Diagnostic and Statistical Manual of Mental Disorders
The Diagnostic and Statistical Manual of Mental Disorders (DSM-IV-TR) is published by the American Psychiatric Association. It is the standard classification of mental problems/disorders used by mental health professionals in the United States.
What is the DSM-IV-TR ?
The American Psychiatric Association DSM has gone though
five revisions (II, III, III-R, IV, IV-TR) since it was first published in 1952. The next version will be the DSM V, due in approximately 2011. The
International Statistical Classification of Diseases and Related Health Problems (ICD) is a commonly-used alternative, especially by the medical professions.
The most recent version, the DSM-IV-TR was the last major revision of the DSM. It was the culmination of a six-year effort that involved over 1000 individuals and numerous professional organizations. Much of the effort involved conducting a comprehensive review of the literature to establish a firm empirical basis for making modifications. Numerous changes were made to the classification (i.e., disorders were added, deleted, and reorganized), to the diagnostic criteria sets, and to the descriptive text based on a careful consideration of the available research about the various mental disorders.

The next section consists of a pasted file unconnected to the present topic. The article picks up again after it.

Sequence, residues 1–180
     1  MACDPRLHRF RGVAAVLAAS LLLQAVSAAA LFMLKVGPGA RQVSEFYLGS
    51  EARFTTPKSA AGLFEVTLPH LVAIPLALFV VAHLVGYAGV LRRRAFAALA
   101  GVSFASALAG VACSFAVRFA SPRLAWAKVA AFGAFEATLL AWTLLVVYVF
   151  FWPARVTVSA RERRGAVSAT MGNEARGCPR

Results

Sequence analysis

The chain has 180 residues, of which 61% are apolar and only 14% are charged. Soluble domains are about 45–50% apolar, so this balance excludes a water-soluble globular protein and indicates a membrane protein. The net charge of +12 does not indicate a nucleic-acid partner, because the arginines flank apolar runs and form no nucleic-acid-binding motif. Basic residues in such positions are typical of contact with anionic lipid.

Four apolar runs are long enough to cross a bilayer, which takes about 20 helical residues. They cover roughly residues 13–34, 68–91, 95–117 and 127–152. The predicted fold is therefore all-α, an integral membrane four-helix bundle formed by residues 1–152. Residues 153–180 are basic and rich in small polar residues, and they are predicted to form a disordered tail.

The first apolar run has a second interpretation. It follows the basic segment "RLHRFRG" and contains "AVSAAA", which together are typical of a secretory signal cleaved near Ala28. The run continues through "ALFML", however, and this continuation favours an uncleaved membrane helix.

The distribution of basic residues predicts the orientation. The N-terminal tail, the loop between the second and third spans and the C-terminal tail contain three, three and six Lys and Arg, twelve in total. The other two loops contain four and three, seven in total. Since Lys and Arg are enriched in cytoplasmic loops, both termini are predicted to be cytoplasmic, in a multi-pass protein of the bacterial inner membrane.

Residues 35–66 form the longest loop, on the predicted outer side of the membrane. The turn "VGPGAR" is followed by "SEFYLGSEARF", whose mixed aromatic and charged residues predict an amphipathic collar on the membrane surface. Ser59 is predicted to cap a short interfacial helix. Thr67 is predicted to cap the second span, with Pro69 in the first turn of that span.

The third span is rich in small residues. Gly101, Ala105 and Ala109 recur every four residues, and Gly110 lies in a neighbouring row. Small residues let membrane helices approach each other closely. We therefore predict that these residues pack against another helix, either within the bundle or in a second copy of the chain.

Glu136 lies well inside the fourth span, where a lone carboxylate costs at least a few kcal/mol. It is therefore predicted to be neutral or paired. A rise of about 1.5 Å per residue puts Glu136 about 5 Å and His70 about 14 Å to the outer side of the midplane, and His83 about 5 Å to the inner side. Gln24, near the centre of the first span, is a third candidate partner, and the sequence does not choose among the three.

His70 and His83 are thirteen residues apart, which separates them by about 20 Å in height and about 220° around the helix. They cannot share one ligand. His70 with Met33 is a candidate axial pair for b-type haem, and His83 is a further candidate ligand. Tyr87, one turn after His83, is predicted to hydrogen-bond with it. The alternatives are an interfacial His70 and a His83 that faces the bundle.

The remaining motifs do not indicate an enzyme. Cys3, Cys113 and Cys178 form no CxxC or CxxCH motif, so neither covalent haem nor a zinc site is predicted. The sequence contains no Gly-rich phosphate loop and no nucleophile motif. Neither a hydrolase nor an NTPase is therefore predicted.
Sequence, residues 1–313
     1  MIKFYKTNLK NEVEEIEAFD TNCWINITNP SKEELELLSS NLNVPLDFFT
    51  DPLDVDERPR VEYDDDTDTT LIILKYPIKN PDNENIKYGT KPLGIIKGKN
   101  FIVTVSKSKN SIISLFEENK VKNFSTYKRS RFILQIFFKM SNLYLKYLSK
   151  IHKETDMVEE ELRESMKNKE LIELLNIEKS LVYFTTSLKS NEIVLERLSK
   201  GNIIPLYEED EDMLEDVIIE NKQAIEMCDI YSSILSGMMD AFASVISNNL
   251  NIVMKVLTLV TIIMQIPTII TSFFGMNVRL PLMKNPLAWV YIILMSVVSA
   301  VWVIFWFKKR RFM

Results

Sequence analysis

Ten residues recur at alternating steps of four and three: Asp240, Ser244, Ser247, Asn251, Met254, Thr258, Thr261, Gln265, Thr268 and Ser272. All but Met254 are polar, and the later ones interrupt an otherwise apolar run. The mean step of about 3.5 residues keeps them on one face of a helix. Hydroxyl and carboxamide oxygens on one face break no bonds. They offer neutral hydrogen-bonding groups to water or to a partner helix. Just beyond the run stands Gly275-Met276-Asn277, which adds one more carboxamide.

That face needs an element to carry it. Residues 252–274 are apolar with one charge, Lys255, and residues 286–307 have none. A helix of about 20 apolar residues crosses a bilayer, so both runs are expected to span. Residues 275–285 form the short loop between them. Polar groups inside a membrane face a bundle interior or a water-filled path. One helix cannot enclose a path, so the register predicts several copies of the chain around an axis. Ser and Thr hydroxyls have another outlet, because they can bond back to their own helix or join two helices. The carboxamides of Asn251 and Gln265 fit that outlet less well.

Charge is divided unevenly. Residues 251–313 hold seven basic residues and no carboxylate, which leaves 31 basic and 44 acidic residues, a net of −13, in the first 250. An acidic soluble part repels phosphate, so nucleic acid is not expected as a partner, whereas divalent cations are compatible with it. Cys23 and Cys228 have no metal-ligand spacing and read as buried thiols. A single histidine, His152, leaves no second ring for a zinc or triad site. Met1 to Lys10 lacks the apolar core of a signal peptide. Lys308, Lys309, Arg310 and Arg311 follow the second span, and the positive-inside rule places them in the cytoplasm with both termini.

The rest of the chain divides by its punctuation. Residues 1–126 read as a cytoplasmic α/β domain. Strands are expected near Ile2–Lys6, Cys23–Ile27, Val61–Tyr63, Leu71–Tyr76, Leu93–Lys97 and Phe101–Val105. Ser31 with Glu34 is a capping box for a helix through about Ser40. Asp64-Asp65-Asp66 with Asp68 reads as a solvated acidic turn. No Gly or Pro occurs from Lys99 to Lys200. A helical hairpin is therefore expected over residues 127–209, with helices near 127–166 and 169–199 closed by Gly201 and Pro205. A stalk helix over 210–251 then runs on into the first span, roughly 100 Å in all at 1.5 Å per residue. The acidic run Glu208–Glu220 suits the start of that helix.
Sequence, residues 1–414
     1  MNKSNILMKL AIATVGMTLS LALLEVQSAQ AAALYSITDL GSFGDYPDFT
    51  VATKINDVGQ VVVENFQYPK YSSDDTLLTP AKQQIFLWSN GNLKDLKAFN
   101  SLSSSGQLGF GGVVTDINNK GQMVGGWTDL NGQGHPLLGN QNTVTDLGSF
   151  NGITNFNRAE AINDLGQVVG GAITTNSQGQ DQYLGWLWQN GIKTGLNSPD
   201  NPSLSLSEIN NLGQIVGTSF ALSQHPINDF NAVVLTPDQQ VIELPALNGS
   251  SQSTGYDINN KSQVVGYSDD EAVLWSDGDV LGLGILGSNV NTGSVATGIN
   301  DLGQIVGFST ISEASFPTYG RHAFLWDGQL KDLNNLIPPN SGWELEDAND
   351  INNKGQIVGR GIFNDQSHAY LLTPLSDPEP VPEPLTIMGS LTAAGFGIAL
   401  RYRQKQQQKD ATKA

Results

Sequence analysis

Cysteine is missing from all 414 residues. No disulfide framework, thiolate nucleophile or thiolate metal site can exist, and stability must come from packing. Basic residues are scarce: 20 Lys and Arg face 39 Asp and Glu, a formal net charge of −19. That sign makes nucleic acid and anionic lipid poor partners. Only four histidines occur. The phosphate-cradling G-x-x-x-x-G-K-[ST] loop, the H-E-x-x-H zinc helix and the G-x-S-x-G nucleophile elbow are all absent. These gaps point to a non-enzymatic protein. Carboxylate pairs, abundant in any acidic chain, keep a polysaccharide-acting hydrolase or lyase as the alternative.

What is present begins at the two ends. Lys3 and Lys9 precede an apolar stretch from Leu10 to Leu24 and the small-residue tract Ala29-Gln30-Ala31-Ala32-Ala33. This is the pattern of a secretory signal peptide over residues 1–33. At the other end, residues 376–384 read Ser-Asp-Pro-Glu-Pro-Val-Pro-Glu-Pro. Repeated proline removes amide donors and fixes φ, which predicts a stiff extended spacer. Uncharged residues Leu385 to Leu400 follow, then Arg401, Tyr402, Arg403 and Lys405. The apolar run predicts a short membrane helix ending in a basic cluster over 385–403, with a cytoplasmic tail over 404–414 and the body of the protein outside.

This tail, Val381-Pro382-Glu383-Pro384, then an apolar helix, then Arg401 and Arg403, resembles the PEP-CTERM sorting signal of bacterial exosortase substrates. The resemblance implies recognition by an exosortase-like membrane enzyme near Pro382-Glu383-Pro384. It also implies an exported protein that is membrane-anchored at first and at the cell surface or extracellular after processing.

The DSM was initially developed to give more objective terms to the fields of psychiatry and psychology. Users are reminded that the manual is, to an extent, an historical document and the science used to create categories, taxonomies, and diagnoses is based on statistical models. These systems are thus subject to the limitations of the methods used to create them.
The DSM is intended for use by mental health professionals and for use in research and administration. Appropriate use of the diagnostic criteria is said to require clinical training, and its contents cannot, and should not, be applied in a cookbook fashion. The diagnostic labels are primarily for use as convenient shorthand for professionals. The range and breadth of the DSM represents an extensive scope.
In the United States, health insurance typically will not pay for psychological or psychiatric services unless a DSM-IV mental disease diagnosis accompanies the insurance claim. All physician services in the United States require an ICD code for health insurance payments.
More information about the Diagnostic and Statistical Manual of Mental Disorders (DSM-IV-TR) is available from the websites below.
|Psychnet: DSM-IV index|
|Wikipedia regarding DSM-IV|
|Behavenet.com: DSM-IV classification|
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